Many people say that starting a business is a gamble. The saying may be true, but without the risk, our communities would not grow and our economy would stagnate. Yet, for many, their businesses do not turn out the way they hoped and they find their business drowning in overwhelming debt. Those who are struggling with debt should consider their options to find debt relief. As one business has recently found, a Chapter 7 bankruptcy may be the best route.
Carbon Motors, a company that made a purpose-built police car and operated out of Indiana, has filed for Chapter 7 bankruptcy. According to court documents, the company has assets in the amount of $19,000 while their liabilities equate to nearly $22 million. The company originally contracted to sell several motors to BMW, but failed to move the business forward when it was denied a federal loan. Faced with so much debt, bankruptcy was likely the business' only option to avoid creditors.
Chapter 7 is often referred to as a liquidation bankruptcy because it allows a company to discharge debt after a court appointed trustee sells the company's non-exempt assets to pay creditors. However, if a business owner elects to file for Chapter 7 bankruptcy rather than Chapter 11 bankruptcy, the business will have to completely shut down. Reorganization of debt is not possible under Chapter 7 bankruptcy. However, liquidation of business debt under Chapter 7 can give business owners a fresh financial start without fear of creditor harassment or unmanageable bills.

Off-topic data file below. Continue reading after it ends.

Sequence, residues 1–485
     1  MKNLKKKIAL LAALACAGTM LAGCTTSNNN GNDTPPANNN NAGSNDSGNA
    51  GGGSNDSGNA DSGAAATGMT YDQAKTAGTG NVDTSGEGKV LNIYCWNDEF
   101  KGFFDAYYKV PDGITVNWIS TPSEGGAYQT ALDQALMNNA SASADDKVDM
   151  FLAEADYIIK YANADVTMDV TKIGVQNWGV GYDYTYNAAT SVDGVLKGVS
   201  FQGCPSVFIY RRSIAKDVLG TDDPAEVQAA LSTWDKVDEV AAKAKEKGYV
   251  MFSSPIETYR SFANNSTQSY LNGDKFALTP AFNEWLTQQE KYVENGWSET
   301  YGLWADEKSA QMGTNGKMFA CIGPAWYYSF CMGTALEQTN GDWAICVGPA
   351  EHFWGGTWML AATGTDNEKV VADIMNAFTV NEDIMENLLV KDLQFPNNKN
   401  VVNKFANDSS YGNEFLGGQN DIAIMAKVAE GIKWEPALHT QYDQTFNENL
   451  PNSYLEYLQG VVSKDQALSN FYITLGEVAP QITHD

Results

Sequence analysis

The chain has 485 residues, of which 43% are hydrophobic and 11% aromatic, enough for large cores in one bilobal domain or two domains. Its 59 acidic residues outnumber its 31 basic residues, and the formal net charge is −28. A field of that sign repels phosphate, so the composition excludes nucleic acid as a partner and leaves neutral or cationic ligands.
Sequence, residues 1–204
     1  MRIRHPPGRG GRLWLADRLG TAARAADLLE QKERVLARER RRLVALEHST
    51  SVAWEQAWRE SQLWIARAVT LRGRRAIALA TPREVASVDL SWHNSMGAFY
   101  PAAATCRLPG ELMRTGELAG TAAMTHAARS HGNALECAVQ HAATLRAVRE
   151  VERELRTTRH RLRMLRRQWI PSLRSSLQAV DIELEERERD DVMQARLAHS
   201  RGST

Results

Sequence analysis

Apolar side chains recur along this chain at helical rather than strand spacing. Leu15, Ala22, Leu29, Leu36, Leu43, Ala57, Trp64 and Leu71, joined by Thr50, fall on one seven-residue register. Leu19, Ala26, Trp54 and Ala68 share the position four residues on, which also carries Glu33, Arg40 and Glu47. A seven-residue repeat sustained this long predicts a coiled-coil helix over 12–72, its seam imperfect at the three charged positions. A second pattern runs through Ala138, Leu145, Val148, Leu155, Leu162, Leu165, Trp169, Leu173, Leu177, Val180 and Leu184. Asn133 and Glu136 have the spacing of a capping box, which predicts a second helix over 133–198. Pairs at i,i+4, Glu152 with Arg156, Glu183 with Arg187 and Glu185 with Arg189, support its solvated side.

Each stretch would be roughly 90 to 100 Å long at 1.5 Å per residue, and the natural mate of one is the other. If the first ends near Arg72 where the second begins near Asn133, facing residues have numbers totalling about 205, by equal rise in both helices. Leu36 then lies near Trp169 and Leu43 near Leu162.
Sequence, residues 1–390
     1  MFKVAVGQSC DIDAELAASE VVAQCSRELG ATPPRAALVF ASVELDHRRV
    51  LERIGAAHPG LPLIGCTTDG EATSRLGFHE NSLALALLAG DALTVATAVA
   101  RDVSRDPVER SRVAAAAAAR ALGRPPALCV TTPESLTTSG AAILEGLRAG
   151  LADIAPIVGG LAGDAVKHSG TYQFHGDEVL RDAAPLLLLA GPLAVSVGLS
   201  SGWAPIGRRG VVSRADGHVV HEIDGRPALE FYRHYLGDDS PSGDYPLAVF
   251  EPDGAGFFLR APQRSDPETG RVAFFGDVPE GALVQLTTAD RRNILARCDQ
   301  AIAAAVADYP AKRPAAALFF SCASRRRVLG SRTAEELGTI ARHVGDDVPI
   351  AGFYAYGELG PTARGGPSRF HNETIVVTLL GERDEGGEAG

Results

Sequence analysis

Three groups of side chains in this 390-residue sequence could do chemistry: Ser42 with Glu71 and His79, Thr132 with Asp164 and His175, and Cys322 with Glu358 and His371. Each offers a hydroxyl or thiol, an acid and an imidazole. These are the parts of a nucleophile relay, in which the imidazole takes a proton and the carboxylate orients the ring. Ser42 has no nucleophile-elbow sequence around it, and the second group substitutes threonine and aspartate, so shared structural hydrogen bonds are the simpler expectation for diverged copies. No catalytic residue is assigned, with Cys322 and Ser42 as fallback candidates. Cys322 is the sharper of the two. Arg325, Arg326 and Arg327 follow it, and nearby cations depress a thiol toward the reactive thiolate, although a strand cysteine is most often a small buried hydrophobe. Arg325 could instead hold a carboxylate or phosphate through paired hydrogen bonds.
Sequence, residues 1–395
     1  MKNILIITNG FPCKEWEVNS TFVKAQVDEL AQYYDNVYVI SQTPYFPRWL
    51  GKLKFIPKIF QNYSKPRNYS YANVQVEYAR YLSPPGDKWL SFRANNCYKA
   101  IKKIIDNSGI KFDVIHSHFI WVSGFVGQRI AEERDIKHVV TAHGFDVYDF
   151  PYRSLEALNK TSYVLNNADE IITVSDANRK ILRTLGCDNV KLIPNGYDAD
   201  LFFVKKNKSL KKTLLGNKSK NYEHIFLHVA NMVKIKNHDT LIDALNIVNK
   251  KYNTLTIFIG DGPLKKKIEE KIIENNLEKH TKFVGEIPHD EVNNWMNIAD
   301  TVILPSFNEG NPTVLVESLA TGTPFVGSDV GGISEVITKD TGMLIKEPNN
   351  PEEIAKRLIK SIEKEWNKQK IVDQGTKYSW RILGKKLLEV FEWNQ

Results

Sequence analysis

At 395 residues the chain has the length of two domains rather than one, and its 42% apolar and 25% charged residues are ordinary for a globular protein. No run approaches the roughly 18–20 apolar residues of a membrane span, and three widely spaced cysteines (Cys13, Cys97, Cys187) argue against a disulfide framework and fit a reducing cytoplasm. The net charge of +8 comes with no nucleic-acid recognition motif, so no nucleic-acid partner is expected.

Filing for bankruptcy can be a complicated process. Assets must be classified, secure and non-secure creditors identified, and debts assessed. The legal structure of the business may also play a vital role. Those who own a business and are drowning in debt owe it to themselves to seek out an experienced bankruptcy attorney who can walk them through the complexities and help them find a new beginning.
Source: Pal-item.com, "Carbon Motors files Chapter 7 bankruptcy," Pam Tharp, Jun. 12, 2013